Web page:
Monday, 2 May 2011

Federal Election: Why NDP owes Dion and who will be in the Senate?

If NDP leader Jack Layton wants to extend a big thank you to one of the true inspirations for his big Orange machine’s incredible sweep in Quebec, it is St. Laurent-Cartierville MP Stéphane Dion. He was the leader of the Liberal Party in 2007 when a by-election was called in the longtime Liberal stronghold of Outremont to replace Jean Lapierre, who had returned to broadcasting.

Justin Trudeau wanted the nomination. But Dion had other ideas. Instead he chose journalist Jocelyn Coulon. Seeing an opportunity, the NDP parachuted former provincial cabinet minister Thomas Mulcair in the mix. Coulon was a total train wreck and Mulcair ended up becoming the NDP’s only MP. He won the riding again a year later and of course trounced to victory on Monday. Trudeau ended up seeking a hard fought nomination in the tough Papineau riding, which was held by the Bloc Quebecois. He defeated incumbent Viviane Barbot two and a half years ago and did so again on Monday.

Why did Layton and the NDP catch fire in Quebec? There are many reasons, but the presence of Mulcair is one huge reason. I can say with almost certainty that had Dion allowed Trudeau to run in Outremont, Mulcair would have sat out that by-election and waited for the 2008 general election.

Justin recognizes that he did not choose an easy constituency. He rightfully should have been handed the Outremont riding nomination for the 2007 by-election. Instead, then party leader Stéphane Dion chose journalist Jocelyn Coulon instead. Coulon was no match for Thomas Mulcair, who made history for the NDP by taking the riding. I remember speaking to Mulcair a few months earlier and Outremont was a long shot for him at the time. Had Trudeau run there, it is highly likely Mulcair would not have thrown his hat in the ring.

Senate Talk: There is no doubt now who is running this country. It is Prime Minister Stephen Harper and the Conservative Party of Canada, with majorities in the House of Commons and the Senate. The earliest we will go the polls again federally will be the spring of 2015. Besides appointing a new cabinet, Harper also has some work to do to boost his Senate majority. The Tories have 52 Senators, compared to 46 for the Liberals, two representing the old Progressive Conservative banner and two independents. There are three vacant seats, two in Quebec and one in Newfoundland and Labrador. The Senate possesses all of the powers of the House of Commons except that of initiating financial legislation.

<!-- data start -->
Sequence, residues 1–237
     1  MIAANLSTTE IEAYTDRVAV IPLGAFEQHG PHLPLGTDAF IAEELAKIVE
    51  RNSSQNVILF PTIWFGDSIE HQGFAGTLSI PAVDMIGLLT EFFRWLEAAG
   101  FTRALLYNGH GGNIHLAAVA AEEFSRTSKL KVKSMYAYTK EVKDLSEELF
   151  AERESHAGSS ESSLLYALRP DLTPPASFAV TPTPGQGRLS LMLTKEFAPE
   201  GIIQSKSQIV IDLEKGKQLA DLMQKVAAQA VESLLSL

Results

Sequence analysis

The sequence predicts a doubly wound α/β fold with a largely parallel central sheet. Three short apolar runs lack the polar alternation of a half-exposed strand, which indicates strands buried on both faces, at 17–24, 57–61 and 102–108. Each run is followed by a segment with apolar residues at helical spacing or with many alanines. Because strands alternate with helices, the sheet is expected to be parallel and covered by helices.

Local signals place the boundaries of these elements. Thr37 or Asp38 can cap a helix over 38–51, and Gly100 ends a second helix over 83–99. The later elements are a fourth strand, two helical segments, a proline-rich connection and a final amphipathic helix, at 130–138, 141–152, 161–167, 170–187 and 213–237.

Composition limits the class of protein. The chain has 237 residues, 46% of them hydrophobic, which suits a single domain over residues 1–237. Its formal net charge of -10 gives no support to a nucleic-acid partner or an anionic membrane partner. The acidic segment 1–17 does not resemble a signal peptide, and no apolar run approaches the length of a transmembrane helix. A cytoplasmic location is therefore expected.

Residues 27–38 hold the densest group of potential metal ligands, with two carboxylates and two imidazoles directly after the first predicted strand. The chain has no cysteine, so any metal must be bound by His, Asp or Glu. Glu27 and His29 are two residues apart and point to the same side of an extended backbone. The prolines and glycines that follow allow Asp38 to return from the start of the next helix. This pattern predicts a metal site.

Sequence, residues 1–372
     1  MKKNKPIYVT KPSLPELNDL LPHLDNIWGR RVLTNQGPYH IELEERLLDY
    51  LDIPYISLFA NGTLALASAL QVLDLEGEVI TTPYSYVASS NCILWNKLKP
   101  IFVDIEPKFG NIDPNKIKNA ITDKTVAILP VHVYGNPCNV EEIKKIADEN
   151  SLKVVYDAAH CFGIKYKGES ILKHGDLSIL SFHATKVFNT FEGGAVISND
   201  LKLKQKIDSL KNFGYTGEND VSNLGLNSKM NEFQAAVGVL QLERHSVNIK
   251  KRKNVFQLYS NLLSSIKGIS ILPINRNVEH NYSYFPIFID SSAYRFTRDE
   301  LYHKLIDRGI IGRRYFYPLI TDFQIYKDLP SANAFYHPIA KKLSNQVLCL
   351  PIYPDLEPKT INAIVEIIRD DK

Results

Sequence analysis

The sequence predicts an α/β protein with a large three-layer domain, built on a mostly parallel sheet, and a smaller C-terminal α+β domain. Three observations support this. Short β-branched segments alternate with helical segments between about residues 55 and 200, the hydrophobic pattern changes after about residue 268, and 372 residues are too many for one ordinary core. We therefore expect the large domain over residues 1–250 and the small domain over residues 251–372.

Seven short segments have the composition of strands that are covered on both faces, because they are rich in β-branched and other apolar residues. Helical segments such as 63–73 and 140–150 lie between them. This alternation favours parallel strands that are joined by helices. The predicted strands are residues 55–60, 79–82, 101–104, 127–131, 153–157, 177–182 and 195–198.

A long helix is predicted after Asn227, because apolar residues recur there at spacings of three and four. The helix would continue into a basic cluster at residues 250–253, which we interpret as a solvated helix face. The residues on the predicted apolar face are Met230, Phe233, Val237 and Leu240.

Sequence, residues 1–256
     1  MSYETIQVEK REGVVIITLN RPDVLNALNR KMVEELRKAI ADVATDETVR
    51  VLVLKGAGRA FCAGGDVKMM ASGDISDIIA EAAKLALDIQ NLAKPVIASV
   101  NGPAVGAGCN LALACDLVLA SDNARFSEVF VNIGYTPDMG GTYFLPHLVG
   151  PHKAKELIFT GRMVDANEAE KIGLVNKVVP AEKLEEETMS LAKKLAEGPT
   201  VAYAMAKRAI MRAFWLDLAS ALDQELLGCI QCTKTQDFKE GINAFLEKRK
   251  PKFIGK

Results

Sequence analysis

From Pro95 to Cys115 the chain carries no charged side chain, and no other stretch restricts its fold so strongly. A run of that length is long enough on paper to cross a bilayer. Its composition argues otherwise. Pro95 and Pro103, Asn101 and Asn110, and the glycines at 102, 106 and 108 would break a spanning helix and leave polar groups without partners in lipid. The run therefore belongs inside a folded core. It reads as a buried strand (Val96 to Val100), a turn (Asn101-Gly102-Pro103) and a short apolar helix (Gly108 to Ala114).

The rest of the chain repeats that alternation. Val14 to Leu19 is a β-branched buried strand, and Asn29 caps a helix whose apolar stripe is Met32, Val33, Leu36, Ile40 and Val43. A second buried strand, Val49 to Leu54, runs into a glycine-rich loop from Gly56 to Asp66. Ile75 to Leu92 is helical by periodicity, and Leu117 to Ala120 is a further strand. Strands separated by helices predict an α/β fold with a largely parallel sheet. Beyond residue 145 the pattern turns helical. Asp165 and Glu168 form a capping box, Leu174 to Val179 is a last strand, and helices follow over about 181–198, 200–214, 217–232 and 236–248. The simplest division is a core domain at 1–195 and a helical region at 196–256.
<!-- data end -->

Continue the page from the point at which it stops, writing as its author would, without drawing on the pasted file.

Will he appoint a Senator from Montreal to the cabinet? Leo Housakos would be an excellent choice. Harper has done this before when former Senator Michael Fortier was appointed Minister of International Trade and then Minister of Public Works and Government Services. It would be nice to see Harper reward some of his defeated candidates in Montreal with a Senate appointment: Saulie Zajdel, Agop Evereklian and Neil Drabkin come to mind.

The Next Elections: When will Quebecers next go to the polls? A provincial election must be called no later than December 9, 2013. However, that would mark five years to the day Jean Charest’s Liberals won the last vote. Incumbent parties usually pull the switch after four years. If Charest steps down before the end of his mandate, which most observers expect him to do, then the timing will depend upon when he makes such a move and who succeeds him. When Daniel Johnson assumed the leadership of the provincial Liberals from Robert Bourassa in 1994 and became premier he stretched the mandate of his party in power. Raymond Bachand or Jean-Marc Fournier, seen to be the front runners to succeed Charest, could do the same thing. Municipal elections will take place on November 3, 2013. School board elections could be piggybacked with them on the same day and time.

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